That advice stuck with me. It’s simple and puts things in perspective. I think of it today – as yet another boyfriend – who started out so funny and fun -- is about to bite the dust. (He’s smothering me to the point where I want to paint my face blue and run across an open field waving a flag with a giant vagina on it, screaming Freeeeedddooooooommmmm.) I've decided the price of his opening doors and picking up checks is not worth this persistent feeling that a dwarf is sitting on my trachea.
For me, it's helpful to think of relationships in economic terms. (Is the weight of a dwarf worth free Buffalo chicken sliders at Ruby Tuesdays? I think not.)

Even better, I think, what if women could buy or trade one another’s past relationships on eBay or Craigslist? What if we could make a little money off our past love lessons and heartbreak? And you know what they say, one woman’s clingy psycho is another woman’s treasure.
48-hour fling with incredibly good looking, 40-year-old Peter Pan-type narcissist. Let him take you to his favorite haunt on South Beach. Look at your reflection in his designer sunglasses as he prattles on about himself and try to remember why you are here. Buy now for $25. Will also negotiate for a Starbucks gift card or a coupon for two free Nachos Belle Grande.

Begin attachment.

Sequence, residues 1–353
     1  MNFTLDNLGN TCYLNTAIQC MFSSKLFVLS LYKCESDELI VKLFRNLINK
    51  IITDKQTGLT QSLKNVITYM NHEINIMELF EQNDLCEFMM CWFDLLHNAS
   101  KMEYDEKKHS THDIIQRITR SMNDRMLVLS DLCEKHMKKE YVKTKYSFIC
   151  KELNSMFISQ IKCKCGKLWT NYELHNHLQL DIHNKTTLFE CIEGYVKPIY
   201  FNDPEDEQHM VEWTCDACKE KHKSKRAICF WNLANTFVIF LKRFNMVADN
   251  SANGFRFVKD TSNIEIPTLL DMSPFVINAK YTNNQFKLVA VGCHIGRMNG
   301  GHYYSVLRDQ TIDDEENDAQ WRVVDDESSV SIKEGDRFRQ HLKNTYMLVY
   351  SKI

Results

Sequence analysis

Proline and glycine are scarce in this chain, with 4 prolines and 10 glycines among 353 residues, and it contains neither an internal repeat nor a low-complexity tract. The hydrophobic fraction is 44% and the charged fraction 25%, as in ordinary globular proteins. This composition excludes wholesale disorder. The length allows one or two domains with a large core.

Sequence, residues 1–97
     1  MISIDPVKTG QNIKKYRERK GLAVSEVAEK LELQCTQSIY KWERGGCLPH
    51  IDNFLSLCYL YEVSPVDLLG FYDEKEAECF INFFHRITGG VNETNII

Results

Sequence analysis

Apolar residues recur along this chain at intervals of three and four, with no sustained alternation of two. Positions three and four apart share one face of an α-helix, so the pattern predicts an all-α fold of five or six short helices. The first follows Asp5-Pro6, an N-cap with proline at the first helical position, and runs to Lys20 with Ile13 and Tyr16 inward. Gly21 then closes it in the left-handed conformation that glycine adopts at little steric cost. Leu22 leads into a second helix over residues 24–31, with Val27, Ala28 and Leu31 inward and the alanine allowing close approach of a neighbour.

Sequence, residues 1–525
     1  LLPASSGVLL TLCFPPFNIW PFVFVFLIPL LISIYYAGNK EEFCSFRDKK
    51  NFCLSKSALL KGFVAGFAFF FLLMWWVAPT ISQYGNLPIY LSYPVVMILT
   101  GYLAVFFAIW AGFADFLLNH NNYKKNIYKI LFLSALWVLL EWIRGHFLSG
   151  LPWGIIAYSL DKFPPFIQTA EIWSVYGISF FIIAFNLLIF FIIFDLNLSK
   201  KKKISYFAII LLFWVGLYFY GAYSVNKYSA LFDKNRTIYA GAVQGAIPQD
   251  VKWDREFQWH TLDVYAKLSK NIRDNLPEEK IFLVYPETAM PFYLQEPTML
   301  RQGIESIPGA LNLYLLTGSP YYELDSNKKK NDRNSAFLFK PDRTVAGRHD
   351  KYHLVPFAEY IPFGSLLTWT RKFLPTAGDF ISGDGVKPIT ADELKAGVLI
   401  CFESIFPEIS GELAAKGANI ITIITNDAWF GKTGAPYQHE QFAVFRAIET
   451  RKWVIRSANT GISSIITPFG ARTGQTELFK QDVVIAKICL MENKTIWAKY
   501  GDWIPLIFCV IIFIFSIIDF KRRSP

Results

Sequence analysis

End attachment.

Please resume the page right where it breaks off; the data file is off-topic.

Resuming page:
Six month relationship with world’s fattest tri-athlete. Get up at 4 a.m. every six weeks to shout “Go! Go!” as he waddles into the surf. Try to ignore that a perfectly innocent bicycle seat disappears beneath his giant ass. Then sit trapped in the car with him as he yells at you for talking in the transition area – which is the ONLY reason he came in last. Buy now for $50. Will also trade for a used Billie Holiday CD and a bottle of Pinot Noir.
Tequila-fueled, one night stand with smoking-hot Turkish filmmaker who spent two years working on a 120-minute documentary about hands. Obtain during said evening the best compliment you’ve ever had or will ever have. Buy now for $5,000 or trade for similar.
Two year relationship with the British version of Woody Allen. Listen to him worry incessantly about everything and nothing in “adorable” “smart-sounding” accent. Tell time "he's not really losing his hair. Really." Buy now for $200. Will also trade for one night of Salsa dancing and cocktails with sexy Latino.
10-year friendship with world’s best guy ever. Date him five years, plus five years of miraculous friendship. Watch him save your ass time and again. Bounce nutty ideas off him time and again. Be amazed as he surfs the crazy in your life like Kelly Slater. Buy now for $5 million. May trade for kidney or organ of similar importance.